distributing them. But removing the financial barriers will not, by itself, achieve full immunization of preschool children. Reaching and sustaining a commitment to universal and systematic delivery of immunization services will require addressing not only the costs of vaccine and of delivering services but also barriers that lie in the organization and delivery of health care (e.g., the fragmentation of primary care services, the inaccessibility of services, incomplete information about children's immunization status, and the complexities of the immunization schedule); the practices of individual health care providers (e.g., missed immunization opportunities at health care visits); and the knowledge, attitudes, and behavior of children 's families (e.g., apprehensions about the safety of vaccines and lack of appreciation for the risks of vaccine-preventable diseases) (NVAC, 1991, 1992).
To examine these other, largely nonfinancial barriers and to identify opportunities to overcome them, the Institute of Medicine (IOM) held a 2-day workshop on December 8–9, 1993, led by an eight-member steering committee. Participants included leaders of programs that have tried various approaches to reducing barriers to immunization, experts in the social and behavioral sciences, and pediatricians and other health care providers, including those familiar with health care for underserved populations. Funding was provided by the Carnegie Corporation of New York, the Centers for Disease Control and Prevention (CDC), and IOM's Board on Health Promotion and Disease Prevention. The National Vaccine Program Office of the U.S. Public Health Service provided nonfinancial assistance.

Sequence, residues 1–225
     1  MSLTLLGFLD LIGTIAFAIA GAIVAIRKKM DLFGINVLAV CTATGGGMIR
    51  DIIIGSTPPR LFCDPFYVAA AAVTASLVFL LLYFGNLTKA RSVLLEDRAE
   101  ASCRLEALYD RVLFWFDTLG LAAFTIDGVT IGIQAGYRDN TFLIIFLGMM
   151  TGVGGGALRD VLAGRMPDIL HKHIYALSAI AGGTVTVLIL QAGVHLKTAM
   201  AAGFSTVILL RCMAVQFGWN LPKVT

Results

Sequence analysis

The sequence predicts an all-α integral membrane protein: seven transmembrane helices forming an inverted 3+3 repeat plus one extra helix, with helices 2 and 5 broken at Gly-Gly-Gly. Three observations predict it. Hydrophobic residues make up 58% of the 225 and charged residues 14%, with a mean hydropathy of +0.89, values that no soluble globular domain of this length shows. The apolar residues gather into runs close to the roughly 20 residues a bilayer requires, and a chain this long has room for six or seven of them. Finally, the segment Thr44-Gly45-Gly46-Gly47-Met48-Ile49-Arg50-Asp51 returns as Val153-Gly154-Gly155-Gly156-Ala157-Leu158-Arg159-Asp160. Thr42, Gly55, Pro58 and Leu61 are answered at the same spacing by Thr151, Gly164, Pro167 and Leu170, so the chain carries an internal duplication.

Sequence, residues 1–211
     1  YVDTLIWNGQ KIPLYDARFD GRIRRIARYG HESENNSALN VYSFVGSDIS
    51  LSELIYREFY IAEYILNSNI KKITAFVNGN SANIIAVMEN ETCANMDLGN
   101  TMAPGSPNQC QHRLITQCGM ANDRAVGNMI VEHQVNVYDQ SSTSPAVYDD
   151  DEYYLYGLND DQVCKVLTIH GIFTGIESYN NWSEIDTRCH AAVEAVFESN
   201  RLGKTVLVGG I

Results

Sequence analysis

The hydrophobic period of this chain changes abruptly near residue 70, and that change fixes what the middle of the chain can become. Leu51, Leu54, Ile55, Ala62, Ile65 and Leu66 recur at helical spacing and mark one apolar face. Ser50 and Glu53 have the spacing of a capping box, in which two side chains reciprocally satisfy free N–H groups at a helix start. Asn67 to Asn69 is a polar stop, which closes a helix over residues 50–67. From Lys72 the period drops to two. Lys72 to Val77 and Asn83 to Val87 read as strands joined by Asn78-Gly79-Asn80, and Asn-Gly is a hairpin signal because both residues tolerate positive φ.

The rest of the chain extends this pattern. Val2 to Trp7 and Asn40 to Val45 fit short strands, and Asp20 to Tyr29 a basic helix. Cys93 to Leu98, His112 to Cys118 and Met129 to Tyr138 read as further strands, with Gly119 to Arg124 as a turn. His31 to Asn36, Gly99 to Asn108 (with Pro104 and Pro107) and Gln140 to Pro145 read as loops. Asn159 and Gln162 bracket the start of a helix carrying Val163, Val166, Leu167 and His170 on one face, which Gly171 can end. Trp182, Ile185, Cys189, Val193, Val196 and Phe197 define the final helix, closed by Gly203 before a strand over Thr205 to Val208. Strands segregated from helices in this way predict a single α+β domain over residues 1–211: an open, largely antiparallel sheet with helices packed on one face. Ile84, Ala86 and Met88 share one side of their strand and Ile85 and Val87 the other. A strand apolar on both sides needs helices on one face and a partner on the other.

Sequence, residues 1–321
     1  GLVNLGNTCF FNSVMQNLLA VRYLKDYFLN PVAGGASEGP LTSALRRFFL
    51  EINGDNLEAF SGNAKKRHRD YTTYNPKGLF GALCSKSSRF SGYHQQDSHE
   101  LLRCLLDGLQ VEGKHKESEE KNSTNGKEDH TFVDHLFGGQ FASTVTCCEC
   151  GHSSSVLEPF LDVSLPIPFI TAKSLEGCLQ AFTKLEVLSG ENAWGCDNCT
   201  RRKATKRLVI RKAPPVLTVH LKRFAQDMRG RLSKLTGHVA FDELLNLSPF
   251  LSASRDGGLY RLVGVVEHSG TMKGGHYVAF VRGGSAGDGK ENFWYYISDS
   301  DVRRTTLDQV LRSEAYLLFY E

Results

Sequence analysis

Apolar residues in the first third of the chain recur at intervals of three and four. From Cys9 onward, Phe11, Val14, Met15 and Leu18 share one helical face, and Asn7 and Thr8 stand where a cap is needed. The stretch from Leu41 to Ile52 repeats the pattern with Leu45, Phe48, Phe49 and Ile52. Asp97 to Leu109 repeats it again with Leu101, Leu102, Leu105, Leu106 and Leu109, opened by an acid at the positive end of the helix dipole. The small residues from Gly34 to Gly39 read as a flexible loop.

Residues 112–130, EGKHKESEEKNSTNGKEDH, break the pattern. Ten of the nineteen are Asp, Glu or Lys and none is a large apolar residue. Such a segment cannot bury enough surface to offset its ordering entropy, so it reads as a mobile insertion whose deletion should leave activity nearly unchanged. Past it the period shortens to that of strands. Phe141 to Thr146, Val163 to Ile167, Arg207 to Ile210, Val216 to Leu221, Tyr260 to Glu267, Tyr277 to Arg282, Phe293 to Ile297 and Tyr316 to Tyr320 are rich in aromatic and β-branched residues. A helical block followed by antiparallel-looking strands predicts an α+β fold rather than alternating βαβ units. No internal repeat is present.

This report, based on the presentations and discussions at the workshop, reflects the committee's assessment of the problem of underimmunization of preschool children. It makes no formal recommendations, but it reviews specific responses that could make a significant difference in the immunization status of preschool children in the short term and in the longer term. Issues of particular importance are accountability for delivery of immunization services, improving and protecting public health resources for providing immunization services, and effective collaboration between public and private providers. Although the report focuses on nonfinancial factors affecting immunization, it also covers important economic issues that were discussed at the workshop. The committee's special concern is those issues that require the attention of state-level decisionmakers, including government officials, public health officials, and leadership in the health professions. The report also addresses issues of importance to local government and public health officials, national leaders in government and the health professions, and public- and private-sector developers of health care reform plans.